American International Group Inc. said a ruling in its lawsuit against Bank of America Corp.’s Countrywide unit over losses from residential mortgage-backed securities preserves its $10 billion damage claim.
U.S. District Judge Mariana Pfaelzer in Los Angeles yesterday dismissed AIG’s federal law claims because they were filed too late, more than three years after the bonds were first sold. The judge also said some state-law claims by AIG units in Arizona, California, Texas and Tennessee were time barred.
“The ruling allows AIG’s common law fraud claims, which total more than $10 billion, to proceed,” James Ankner, a spokesman for New York-based AIG, said today in a statement. “The claims that were dismissed amounted to $40 million, less than one half of one percent of AIG’s total claim.”
The claims against Countrywide are part of a complaint AIG filed in New York state court last year, alleging the insurer was the victim of a “massive fraud.” The claims against Countrywide were moved to federal court in Los Angeles, where Pfaelzer is presiding over a group of consolidated lawsuits by investors in Countrywide’s mortgage-backed securities.
Lawrence Grayson, a spokesman for Bank of America, declined to comment on Pfaelzer’s ruling and on AIG’s assertion that the ruling leaves the $10 billion damages claim intact.
AIG alleges it was misled into believing that loans underlying its investment were issued according to certain underwriting guidelines that in fact had been “long abandoned,” according to the complaint. The only measure of whether a loan would be approved was whether it could be packaged into bonds and sold to investors such as AIG, the company said.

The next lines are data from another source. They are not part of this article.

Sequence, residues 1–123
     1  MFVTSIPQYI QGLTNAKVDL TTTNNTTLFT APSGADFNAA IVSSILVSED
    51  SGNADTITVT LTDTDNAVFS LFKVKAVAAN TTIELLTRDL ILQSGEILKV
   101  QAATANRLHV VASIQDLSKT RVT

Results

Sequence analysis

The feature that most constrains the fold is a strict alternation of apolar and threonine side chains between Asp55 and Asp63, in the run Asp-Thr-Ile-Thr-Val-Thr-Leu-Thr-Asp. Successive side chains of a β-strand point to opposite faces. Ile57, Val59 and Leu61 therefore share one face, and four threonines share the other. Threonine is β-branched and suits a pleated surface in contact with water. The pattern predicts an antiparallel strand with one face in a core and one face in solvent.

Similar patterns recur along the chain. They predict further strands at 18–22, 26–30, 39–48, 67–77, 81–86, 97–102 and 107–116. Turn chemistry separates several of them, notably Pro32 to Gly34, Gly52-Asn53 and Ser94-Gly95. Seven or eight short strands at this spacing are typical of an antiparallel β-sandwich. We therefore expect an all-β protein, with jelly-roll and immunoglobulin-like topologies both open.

AIG to Proceed
The insurer said that it wasn’t surprised that Pfaelzer had barred its federal claims because she had previously rejected similar securities-law claims by other investors in Countrywide’s mortgage-backed securities for the same reason. Some of those rulings are now being appealed before the U.S. Court of Appeals in San Francisco.
The judge said in the ruling that she only asked AIG and Countrywide to address the timeliness of AIG’s claims, with all additional grounds for dismissal to be taken up later.
Pfaelzer agreed with AIG that its subsidiaries that are incorporated in Delaware and have principal places of business in New York should be treated as residents of New York, which allows them to take advantage of that state’s six-year statute of limitations.
“At this stage the court accepts, as it must, plaintiffs’ allegations regarding their principal places of business,” Pfaelzer said. “The court will revisit this issue at summary judgment should the factual record warrant it.”
AIG’s claims against Charlotte, North Carolina-based Bank of America and Merrill Lynch, which were part of the original suit, are in federal court in New York.
The case is AIG v. Countrywide, 11-10549, U.S. District Court, Central District of California (Los Angeles).